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Home/Research/Paper Chase/Ex vivo glycan engineering of CD44 programs human multipotent mesenchymal stromal cell trafficking to bone.
Ex vivo glycan engineering of CD44 programs human multipotent mesenchymal stromal cell trafficking to bone.
Nat. Med..01 13, 2008;14(2):181-7.
Sackstein R, Merzaban JS, Cain DW, Dagia NM, Spencer JA, Lin CP, Wohlgemuth R.
Department of Dermatology, Brigham and Women's Hospital and Harvard Skin Disease Research Center, Harvard Medical School, Boston, Massachusetts 02115, USA. email@example.com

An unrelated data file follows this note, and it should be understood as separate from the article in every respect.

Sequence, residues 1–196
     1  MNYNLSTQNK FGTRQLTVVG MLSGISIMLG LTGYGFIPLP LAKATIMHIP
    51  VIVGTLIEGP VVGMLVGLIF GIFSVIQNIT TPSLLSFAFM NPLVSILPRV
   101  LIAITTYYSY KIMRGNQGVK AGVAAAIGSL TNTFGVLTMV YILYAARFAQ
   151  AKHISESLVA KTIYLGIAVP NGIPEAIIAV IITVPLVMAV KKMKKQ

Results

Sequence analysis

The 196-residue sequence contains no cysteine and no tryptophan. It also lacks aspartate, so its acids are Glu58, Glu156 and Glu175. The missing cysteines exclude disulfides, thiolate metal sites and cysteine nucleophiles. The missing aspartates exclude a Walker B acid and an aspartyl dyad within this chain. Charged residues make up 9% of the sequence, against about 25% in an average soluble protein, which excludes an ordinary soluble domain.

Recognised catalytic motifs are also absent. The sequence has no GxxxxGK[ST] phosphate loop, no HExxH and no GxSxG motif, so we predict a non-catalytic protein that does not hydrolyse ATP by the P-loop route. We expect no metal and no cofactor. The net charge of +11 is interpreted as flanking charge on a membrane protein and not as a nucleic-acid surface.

The capacity to direct migration ('homing') of blood-borne cells to a predetermined anatomic compartment is vital to stem cell-based tissue engineering and other adoptive cellular therapies. Although multipotent mesenchymal stromal cells (MSCs, also termed 'mesenchymal stem cells') hold the potential for curing generalized skeletal diseases, their clinical effectiveness is constrained by the poor osteotropism of infused MSCs (refs. 1-3). Cellular recruitment to bone occurs within specialized marrow vessels that constitutively express vascular E-selectin, a lectin that recognizes sialofucosylated determinants on its various ligands. We show here that human MSCs do not express E-selectin ligands, but express a CD44 glycoform bearing alpha-2,3-sialyl modifications. Using an alpha-1,3-fucosyltransferase preparation and enzymatic conditions specifically designed for treating live cells, we converted the native CD44 glycoform on MSCs into hematopoietic cell E-selectin/L-selectin ligand (HCELL), which conferred potent E-selectin binding without effects on cell viability or multipotency. Real-time intravital microscopy in immunocompromised (NOD/SCID) mice showed that intravenously infused HCELL(+) MSCs infiltrated marrow within hours of infusion, with ensuing rare foci of endosteally localized cells and human osteoid generation. These findings establish that the HCELL glycoform of CD44 confers tropism to bone and unveil a readily translatable roadmap for programming cellular trafficking by chemical engineering of glycans on a distinct membrane glycoprotein.